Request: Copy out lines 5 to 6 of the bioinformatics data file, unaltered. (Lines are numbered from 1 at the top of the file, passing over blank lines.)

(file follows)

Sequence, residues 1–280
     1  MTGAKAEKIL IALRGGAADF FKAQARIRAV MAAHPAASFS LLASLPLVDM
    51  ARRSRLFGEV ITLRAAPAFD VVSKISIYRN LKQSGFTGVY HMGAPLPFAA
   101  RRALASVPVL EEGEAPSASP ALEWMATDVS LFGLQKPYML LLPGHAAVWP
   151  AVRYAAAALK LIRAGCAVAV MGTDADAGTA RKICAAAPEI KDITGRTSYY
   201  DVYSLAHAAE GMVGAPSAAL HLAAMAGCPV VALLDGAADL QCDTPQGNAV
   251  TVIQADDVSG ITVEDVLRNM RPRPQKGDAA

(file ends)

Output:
   151  AVRYAAAALK LIRAGCAVAV MGTDADAGTA RKICAAAPEI KDITGRTSYY
   201  DVYSLAHAAE GMVGAPSAAL HLAAMAGCPV VALLDGAADL QCDTPQGNAV